Dollar Trading On The NFP Rush
By Kathy Lien, Managing Director of FX Strategy for BK Asset Management.
This month’s blowout nonfarm payrolls report pushed USD/JPY to 2-month highs and the EUR/USD and GBP/USD to 6-month lows. The rush from NFP will be felt for some time as investors place their bets for December liftoff. Fed fund futures went from pricing a 56% chance of a rate hike next month pre-NFP to more than 72% chance after Friday’s report. Not only did job growth exceed expectations by 86k, but at 271k it was the strongest monthly increase in payrolls this year. The unemployment rate also dropped to 5%, the lowest level since 2008 while average hourly earnings rose 0.4%, the largest increase since July 2009. This unambiguously positive U.S. report gives the Fed the green light to raise interest rates in December as long as this month’s payrolls gain are not reversed next month. However we’ve got a few weeks before the next report and from now until then the path of least resistance for the dollar will be higher. The U.S. calendar is light next week with the primary event risks being Thursday’s Fedspeak and Friday’s U.S. retail sales report. This means global developments will share the dollar’s focus.
EUR/USD broke through its 1.08 support level to trade at its lowest level since April 2015. There are no significant Fibonacci or moving average support below current levels so the main levels to focus on are some spike lows near 1.0660 and then 1.05. Unless ECB officials start backing away from their call for more stimulus, EUR/USD could test 1.05 in the coming weeks as traders position for easing from the ECB and tightening from the Fed. So if you are looking to ride the NFP rush further, selling EUR/USD on any bounce could be a smart trade. The most important event risks on the Eurozone calendar next week will be ECB President Draghi’s speech on Wednesday followed by German GDP on Friday.
Next week kicks off with China’s trade balance report. Many countries including the U.K. and Eurozone have cited slower global growth as reasons for why they are concerned about their economy and when they say global, they usually mean China. There is no question that the PBoC has taken great steps to support growth and they haven’t allowed economic data to turn out terribly. Chances are next week’s reports won’t be extremely weak but given how the numbers tend to be massaged, upside surprises should provide limited support to currencies as investors eye the numbers with skepticism. Nonetheless China’s trade report will affect the tone of trading at the start of the week. Economists are looking for a larger trade surplus but the main focus for the market will be on the export numbers.
Canada also released strong labor-market numbers Friday but the excitement of the U.S. report overshadowed Canada’s release sparking a rally in USD/CAD. Job growth in Canada was more than 4 times greater than expected. A total of 44K jobs were created, up from 12.1K jobs the previous month. Like the U.S., Canada’s unemployment rate dropped to 7% from 7.1% and the participation rate increased to 66%. However most of the jobs gained were part time, which has been a recent trend in Canada and not one that is incredibly positive for the currency. We still believe that there are more reasons for CAD to fall than rise, especially on the back of Friday’s 6.7% drop in building permits and decline in oil prices. Therefore it shouldn’t be long before USD/CAD tests its September highs above 1.34.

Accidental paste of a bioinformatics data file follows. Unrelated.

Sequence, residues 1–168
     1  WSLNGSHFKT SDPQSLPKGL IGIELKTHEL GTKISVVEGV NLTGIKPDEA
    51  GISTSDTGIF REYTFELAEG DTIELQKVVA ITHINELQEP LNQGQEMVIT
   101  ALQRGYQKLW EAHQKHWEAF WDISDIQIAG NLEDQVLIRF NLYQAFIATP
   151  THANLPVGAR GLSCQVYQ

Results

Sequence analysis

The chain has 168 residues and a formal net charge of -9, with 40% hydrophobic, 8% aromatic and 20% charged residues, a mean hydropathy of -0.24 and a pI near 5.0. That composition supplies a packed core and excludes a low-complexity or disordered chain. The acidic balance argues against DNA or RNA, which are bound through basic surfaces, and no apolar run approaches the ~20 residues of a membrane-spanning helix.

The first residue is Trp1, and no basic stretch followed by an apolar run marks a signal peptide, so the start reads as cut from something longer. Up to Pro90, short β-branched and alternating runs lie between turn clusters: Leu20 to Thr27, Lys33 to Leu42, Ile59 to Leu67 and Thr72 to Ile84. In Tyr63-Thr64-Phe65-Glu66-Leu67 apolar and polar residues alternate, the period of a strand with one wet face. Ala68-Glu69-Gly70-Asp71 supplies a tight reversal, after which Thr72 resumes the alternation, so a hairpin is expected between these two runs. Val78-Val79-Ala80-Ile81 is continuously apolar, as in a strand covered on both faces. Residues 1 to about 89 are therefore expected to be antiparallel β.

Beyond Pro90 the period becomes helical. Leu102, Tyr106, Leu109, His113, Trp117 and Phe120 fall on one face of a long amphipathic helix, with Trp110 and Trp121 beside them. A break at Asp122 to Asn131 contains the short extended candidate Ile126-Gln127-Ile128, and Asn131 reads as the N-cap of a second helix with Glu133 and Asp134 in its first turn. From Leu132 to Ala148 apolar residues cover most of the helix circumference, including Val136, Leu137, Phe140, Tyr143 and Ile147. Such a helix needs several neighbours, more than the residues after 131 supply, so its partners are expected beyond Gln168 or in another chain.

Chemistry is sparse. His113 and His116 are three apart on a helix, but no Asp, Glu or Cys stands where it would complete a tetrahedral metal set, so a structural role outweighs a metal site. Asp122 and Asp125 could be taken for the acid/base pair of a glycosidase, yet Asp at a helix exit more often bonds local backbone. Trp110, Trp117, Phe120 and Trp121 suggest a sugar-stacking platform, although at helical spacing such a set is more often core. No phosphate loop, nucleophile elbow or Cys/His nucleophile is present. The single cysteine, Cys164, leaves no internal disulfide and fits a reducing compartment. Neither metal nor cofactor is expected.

AUD/USD fell hard on the back of U.S. dollar strength Friday but compared to most other major currencies, the Australian dollar has held well thanks to the Reserve Bank’s neutral and less-dovish monetary policy bias. Relatively speaking, AUD is outperforming non-dollar pairs. The RBA’s comfort with current policy is surprising considering that manufacturing– and service-sector activity slowed but they believe that the currency’s recent weakness and previous easing will support growth. However we have yet to see a turn in the data and next week’s employment report is expected to reinforce the slowdown in Australia’s economy. According to the manufacturing and service sector PMI reports, labor growth slowed significantly in October and we expect that weakness to appear in the official employment report. The jobs number and China’s reports will have an important near-term impact on the outlook for AUD.
Friday’s worst-performing currency was NZD/USD. No economic data was release from New Zealand but the hangover from this week’s sharp drop in dairy prices and deterioration in labor-market conditions continue to affect the currency. We expect NZD/USD to drop to 63/64 cents at which point it could stabilize because a weaker currency is exactly what New Zealand needs for a recovery. New Zealand’s PMI manufacturing report is the only piece of NZ data worth watching next week.
Saving the best for last – the British pound will also be in play next week with the country’s labor-market report scheduled for release on Wednesday. According to the PMIs, employment conditions improved in the manufacturing, service and construction sector last month. However good data has not helped ease the central bank’s concerns because its dovish outlook this week came on the heels of stronger manufacturing- and service-sector activity. So while GBP may bounce off the employment report, we view the rally as an opportunity to sell GBP/USD at a higher level.